Testicular Self Exam
A testicular self-exam is used in the detection of cancer in the male genitalia. Testicular cancer is the most common tumor in men ages 20-25. If left untreated, testicular cancer may spread to the lymph nodes and lungs where advanced cancer is even more difficult to treat successfully. Males age 15 and up should examine themselves regularly and continue the process through their 30s. Self-examination is particularly important because cancer of the testes is usually asymptomatic. There are no symptoms such as stomach aches, fever, or pain which might clue you in to a potential medical problem.
There are, however, warning signs:
one testicle may swell, or feel abnormally heavy
male breast may enlarge and feel tender
a sore may develop which does not heal
a small painless lump may develop on a testicle
How to Conduct a Self Exam
College age men should examine themselves once a month using the following procedure:
Check yourself right after a hot shower. The scrotal skin is then relaxed and soft.
Become familiar with the normal size, shape and weight of your testicles. One testicle may be lower than the other, and one may be slightly larger. This is normal.
Using both hands, gently roll each testicle between your fingers.
Identify the epididymis, a rope-like structure on the top and back of each testicle. This structure is not an abnormal lump.
Be on the alert for a tiny lump under the skin, in the front or along the sides of either testicle. A lump may remind you of a kernel of uncooked rice or a small, hard pea.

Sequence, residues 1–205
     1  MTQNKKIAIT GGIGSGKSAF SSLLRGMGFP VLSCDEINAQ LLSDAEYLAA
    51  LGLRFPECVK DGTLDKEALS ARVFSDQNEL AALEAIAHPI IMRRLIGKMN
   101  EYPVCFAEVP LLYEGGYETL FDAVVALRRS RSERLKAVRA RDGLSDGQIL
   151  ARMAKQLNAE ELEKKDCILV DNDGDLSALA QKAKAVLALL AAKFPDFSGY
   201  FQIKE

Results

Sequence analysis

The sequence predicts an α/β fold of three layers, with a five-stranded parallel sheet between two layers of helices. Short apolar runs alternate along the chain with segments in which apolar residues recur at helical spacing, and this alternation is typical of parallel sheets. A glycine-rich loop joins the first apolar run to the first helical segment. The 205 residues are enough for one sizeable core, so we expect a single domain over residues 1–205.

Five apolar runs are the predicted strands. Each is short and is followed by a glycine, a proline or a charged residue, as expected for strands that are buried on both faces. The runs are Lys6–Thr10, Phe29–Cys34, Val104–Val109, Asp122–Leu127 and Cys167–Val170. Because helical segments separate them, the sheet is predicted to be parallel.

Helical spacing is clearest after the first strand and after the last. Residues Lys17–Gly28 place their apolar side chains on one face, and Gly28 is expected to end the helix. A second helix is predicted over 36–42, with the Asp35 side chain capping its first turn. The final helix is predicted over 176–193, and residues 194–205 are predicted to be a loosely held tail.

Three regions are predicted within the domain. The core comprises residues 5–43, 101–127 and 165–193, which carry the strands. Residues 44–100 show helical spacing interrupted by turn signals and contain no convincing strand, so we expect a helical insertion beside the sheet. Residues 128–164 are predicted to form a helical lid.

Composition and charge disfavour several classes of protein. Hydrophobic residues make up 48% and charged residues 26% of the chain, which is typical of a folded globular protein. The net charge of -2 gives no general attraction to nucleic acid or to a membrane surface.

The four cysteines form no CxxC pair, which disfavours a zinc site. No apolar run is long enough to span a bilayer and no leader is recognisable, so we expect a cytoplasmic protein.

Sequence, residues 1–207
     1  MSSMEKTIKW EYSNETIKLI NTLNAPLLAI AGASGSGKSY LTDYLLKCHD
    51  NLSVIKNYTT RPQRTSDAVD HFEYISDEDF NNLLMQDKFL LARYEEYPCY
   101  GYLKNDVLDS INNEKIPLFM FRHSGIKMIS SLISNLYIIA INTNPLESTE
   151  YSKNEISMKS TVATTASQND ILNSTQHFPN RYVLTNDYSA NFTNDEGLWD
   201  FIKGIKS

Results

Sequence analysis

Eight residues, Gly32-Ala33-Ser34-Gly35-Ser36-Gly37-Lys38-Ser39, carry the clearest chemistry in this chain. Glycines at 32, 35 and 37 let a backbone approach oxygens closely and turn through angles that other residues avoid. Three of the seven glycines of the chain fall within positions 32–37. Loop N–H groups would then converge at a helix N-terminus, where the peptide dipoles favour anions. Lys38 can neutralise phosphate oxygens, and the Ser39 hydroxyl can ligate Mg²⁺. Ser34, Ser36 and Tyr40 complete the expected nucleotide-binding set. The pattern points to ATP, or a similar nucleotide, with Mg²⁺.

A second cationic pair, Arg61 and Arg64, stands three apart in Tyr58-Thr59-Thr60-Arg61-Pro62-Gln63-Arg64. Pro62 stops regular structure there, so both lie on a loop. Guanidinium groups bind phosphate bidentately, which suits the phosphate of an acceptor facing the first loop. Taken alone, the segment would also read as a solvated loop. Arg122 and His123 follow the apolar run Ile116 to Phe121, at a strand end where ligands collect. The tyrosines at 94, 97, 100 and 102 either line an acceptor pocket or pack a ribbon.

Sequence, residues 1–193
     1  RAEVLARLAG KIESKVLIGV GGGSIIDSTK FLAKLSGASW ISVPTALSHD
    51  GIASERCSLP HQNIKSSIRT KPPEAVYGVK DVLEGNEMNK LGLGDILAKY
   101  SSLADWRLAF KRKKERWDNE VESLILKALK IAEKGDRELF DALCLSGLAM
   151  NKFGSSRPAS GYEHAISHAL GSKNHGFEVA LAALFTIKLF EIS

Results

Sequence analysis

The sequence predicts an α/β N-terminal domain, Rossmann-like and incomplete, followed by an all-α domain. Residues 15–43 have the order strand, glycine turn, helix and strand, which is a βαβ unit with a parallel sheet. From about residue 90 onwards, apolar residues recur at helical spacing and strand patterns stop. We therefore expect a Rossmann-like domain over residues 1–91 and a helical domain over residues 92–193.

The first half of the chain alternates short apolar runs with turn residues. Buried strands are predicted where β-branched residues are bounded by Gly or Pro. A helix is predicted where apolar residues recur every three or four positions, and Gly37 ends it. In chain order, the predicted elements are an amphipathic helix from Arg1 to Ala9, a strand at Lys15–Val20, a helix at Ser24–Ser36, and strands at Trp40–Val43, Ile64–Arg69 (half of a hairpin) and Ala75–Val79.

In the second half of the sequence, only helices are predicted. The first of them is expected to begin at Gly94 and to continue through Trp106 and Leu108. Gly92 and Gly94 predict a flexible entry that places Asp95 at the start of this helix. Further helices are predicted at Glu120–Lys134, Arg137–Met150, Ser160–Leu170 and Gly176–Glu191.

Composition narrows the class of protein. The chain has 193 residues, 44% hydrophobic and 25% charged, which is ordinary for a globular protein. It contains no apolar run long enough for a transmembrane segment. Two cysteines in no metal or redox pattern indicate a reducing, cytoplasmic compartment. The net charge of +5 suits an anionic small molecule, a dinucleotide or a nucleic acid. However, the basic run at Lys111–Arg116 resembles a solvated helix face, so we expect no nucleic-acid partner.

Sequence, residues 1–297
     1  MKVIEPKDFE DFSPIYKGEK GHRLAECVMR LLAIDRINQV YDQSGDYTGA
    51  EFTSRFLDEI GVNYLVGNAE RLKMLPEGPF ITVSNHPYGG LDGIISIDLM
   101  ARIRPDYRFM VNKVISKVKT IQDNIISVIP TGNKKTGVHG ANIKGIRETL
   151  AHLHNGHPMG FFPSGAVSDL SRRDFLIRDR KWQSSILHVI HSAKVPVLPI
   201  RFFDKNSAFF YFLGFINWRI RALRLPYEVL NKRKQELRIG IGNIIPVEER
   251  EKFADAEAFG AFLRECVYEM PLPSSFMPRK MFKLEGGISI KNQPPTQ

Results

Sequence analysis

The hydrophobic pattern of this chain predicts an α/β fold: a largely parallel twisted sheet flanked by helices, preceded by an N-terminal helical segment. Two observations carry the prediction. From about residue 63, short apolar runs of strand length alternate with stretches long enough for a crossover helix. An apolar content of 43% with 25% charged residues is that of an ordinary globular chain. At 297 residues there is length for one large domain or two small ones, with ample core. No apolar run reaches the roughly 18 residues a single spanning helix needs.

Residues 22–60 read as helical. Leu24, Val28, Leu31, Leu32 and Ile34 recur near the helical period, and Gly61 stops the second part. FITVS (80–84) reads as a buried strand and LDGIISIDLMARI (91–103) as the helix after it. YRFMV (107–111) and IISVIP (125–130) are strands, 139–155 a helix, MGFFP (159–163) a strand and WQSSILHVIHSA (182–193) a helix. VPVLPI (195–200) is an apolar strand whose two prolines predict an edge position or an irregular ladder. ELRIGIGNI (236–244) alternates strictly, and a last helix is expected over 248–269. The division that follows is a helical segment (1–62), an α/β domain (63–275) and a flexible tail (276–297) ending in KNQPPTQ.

If you find any swellings or lumps, see a medical provider.
If you have any lumps or other symptoms, it does not necessarily mean you have cancer, but you must be checked by a provider. Call Health Services at 245-5736 to schedule an appointment if you have any concerns based on your self-exam.
Premature ejaculation is defined as consistently ejaculating before you want to. Unfortunately, the cultural emphasis on male ejaculation as the focal point of intercourse tends to exacerbate the "performance anxiety" that often causes premature ejaculation in the first place. While many couples find mutual orgasm desirable, overemphasizing the importance of male ejaculation as the only satisfying pinnacle of intercourse can lead to a great deal of anxiety. Some men attempt a variety of strategies to delay their orgasms (thinking of baseball scores, doing multiplication tables) that cause them to be emotionally detached during intercourse. Many men find once they place less importance on delaying their orgasm, they actually stay erect longer and are able to explore other ways to stimulate their partners without experiencing erectile dysfunction.
What You Can Do
- Take a more global, less phalli-centric approach to pleasure.
- Try the "squeeze technique." Simply squeeze the head of the penis by hand as ejaculation approaches, wait until the response passes, and then continue. This can be done either during masturbation or during sex with a partner.
- Use an extra strong (and thereby less thin, more sensitive) condom.
- Increase the frequency of ejaculations.
- Talk to a therapist.
Health Needs of Gay and Bisexual Men
The Centers for Disease Control published a new series of guidelines in May 2002; included in these guidelines were specific recommendations for men having sex with men. Sexually active gay and bisexual men are advised to obtain annual screenings for HIV, chlamydia (anal, urethral), syphillis, and gonorrhea (anal, pharyngeal, urethral). In addition, it is suggested that they obtain vaccinations against Hepatitis A and B.
For more information about issues specific to men's health, the Health and Counseling department has many brochures available in the following locations: the Self-Care Center (1st floor), the Reproductive Health Center waiting room (2nd floor, room 206), and the Health Promotion brochure rack (2nd floor, outside room 208).
Some of the above information was adapted from Duke University's health pages; thanks!